Wednesday, October 17, 2012

HTML5 Dev Conference Trip Report

The last two days i attended the HTML5 conference at the Palace Hotel in San Francisco, and I thought I'd share some of my takeaways.


I took notes at the sessions I went to and put them into an Evernote notebook, published here:


Here are the major themes I saw out of the conference:

- Web development continues to be way harder than it should be.  Lots of discussions on improving productivity, tooling, testing, etc.  Stacks and stacks of APIs and libraries and tools and it keeps churning.  It's amazing how complex this world continues to be, having cut my teeth on very simple MVC thick client environments in the old days of client/server.

One tool that looks to have the right approach to improving web development is AngularJS.  They understand the value of declarative, they understand the old thick client architectures that have worked so well: MVC, data binding, dependency injection, etc.  Looks very promising.

I also really liked the tooling I saw where in one window you are editing source, and *as you type*, the browser is highlighting the section you're editing and refreshing itself as you change data, behavior and styling.  It's seriously close to WYSWYG development.  I don't quite know how it works, but it's awesome.  Generally called "Live Editing".  Check it out.

- HTML5 is going through growing pains.  There was a good talk by someone from Mozilla about where HTML5 is and where it should go.  He was good at identifying issues, not so good at identifying solutions.  I loved his one example API, there is a method "canPlayType(mediaType)" which returns null, "probably" or "maybe". :)  See my notes on "HTML5 Broken Promises"

Another good point he made here is, you need to design systems that degrade gracefully when certain HTML5 features are missing.  This is an aspect of responsive design (see below).  One quote he had which made me laugh: "The way you tell something is HTML5 is, if you run it on IE and it doesn't work, it's HTML5".  He used the example of an escalator vs. an elevator.  If an escalator stops working, it's still functional as a set of stairs.  A broken elevator is just a small hot room that doesn't make any sense.  So he was encouraging us to build escalators, not elevators.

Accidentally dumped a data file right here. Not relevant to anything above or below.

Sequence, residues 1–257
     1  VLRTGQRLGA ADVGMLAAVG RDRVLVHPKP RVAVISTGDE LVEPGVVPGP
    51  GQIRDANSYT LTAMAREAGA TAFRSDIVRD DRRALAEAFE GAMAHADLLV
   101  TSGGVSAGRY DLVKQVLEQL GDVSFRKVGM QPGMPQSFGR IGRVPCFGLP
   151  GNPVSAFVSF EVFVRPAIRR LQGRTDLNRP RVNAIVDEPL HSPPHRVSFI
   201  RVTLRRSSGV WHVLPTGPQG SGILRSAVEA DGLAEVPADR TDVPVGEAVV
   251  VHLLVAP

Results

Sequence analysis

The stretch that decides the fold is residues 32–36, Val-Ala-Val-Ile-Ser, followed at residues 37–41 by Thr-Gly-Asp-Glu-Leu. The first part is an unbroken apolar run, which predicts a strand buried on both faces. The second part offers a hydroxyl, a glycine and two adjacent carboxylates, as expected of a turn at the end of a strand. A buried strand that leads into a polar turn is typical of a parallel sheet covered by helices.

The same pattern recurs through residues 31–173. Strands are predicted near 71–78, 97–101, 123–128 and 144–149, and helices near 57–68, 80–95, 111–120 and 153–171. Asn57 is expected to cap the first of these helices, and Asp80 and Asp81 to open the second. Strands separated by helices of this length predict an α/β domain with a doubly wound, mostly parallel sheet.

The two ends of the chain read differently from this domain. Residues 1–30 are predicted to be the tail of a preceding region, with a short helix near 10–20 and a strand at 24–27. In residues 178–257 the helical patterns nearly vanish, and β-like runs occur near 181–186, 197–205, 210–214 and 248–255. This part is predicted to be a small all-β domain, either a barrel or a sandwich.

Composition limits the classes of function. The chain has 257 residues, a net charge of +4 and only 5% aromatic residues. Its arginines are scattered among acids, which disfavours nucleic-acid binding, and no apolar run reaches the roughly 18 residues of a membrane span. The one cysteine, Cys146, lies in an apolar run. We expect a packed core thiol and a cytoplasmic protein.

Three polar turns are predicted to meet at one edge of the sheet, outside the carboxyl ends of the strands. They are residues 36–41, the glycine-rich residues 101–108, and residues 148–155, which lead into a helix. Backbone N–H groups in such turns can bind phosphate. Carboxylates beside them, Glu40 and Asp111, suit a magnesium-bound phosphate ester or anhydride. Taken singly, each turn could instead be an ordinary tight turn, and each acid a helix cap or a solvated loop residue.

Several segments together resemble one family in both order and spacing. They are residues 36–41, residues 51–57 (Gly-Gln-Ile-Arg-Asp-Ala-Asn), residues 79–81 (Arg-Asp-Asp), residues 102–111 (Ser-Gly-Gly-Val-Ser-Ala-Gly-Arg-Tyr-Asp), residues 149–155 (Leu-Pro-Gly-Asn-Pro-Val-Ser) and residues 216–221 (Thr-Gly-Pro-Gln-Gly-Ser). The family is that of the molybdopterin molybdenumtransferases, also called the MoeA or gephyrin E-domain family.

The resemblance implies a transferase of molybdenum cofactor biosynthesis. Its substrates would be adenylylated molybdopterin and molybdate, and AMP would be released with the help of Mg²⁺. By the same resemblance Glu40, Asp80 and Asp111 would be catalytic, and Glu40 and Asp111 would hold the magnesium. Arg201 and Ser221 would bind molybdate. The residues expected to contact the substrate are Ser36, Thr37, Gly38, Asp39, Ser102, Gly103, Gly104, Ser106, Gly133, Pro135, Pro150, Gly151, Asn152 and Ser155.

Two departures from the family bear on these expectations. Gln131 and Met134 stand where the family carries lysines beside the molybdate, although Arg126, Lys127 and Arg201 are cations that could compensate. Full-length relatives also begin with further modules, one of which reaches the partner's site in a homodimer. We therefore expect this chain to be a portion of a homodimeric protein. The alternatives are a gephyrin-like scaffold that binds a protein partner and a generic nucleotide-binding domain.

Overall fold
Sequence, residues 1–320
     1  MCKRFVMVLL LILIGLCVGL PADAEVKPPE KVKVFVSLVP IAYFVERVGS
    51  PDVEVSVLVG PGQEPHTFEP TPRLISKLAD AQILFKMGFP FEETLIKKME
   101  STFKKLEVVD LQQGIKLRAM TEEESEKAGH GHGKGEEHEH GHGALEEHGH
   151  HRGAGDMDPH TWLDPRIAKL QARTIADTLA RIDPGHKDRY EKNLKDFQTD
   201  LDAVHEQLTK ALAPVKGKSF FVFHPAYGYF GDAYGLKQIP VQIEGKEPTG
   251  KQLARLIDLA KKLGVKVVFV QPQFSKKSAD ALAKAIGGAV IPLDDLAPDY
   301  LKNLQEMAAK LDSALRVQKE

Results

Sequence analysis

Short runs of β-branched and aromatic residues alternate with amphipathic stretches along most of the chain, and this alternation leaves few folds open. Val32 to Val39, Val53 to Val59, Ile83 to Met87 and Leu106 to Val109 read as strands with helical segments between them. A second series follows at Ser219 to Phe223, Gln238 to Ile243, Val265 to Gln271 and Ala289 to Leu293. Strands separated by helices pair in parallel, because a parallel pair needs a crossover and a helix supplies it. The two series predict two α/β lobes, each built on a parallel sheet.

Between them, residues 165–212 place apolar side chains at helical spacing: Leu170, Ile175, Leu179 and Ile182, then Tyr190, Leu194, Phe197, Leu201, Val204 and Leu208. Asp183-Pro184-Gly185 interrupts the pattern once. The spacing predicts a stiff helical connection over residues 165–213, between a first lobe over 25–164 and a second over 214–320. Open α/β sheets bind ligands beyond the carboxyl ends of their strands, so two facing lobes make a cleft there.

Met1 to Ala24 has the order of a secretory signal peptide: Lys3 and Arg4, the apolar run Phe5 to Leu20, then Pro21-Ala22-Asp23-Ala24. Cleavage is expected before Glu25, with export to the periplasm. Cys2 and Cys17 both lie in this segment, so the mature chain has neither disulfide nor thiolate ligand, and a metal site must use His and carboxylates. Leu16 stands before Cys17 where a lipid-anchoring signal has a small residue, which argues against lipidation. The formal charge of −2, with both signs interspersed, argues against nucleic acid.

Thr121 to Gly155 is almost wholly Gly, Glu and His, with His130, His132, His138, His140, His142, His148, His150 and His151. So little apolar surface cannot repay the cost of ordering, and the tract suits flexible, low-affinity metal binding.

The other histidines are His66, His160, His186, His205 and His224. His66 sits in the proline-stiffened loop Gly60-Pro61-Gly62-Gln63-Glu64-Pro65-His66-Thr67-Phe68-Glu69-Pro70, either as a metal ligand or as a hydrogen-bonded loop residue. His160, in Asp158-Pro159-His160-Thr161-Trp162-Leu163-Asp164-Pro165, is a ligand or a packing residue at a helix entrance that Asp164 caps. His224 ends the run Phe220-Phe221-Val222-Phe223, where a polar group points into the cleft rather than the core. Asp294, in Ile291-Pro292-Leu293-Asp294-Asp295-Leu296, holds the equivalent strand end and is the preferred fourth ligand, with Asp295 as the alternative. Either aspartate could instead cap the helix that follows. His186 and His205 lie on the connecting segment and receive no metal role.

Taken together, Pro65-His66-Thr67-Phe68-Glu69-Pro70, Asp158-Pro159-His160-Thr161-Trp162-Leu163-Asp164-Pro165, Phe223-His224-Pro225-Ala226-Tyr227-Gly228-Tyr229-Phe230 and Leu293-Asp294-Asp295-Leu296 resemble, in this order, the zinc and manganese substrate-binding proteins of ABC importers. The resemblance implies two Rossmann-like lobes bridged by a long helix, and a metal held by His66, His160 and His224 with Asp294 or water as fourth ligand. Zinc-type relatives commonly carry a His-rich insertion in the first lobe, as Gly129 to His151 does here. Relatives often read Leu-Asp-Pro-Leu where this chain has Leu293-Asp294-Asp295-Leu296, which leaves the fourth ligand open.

- In a caching talk, a reminder to be explicit with caching directives using cache control headers.  Caching has the biggest impact on performance, over network speed and Javascript interpreter.  50% of the top 200 sites don't use cache control headers.  Another interesting point - a large percentage of users come in with a completely cold cache.  Reason suspected: cache corruption or other bad behavior forces them to regularly clear their cache.

- EVERYONE is getting impacted by mobile.  There were very interesting sessions on how to work with multitouch, and a general buzz was that "responsive design" was the New Thing - basically your app adjusts elegantly to the screen constraints of the current device.  

One thing I thought was very interesting were the new Windows 8 devices which are many creative combinations of desktops and large multitouch devices.  The important takeaway: right now we usually check to see if a device is multitouch or pointer, but that's no longer valid - devices can be both; you can even have mouse events and touch events happening at the same time, and have it mean something.   Microsoft is proposing a standard event API/model for multi-touch that looks pretty good.

- Lots of demoing of rich media experiences, including capturing media sources from the person's machine and integrating it into your web app.  I think this is probably because it demos so well; not clear of the usefulness.  Two examples: capture your camera, and when you swipe your hand, you go back and forth in pages in a document/book.  Really nice for dirty hand work with tablets.  Another example: capture your camera, and it detects your fingers, and use your fingers to play a xylophone.  But these are just "cool demos"  The question is, how might we use these kinds of ideas to improve engagement with your site.   Hm...

Cheers,

David

1 comment:

David Van Couvering said...

OK, fixed the link...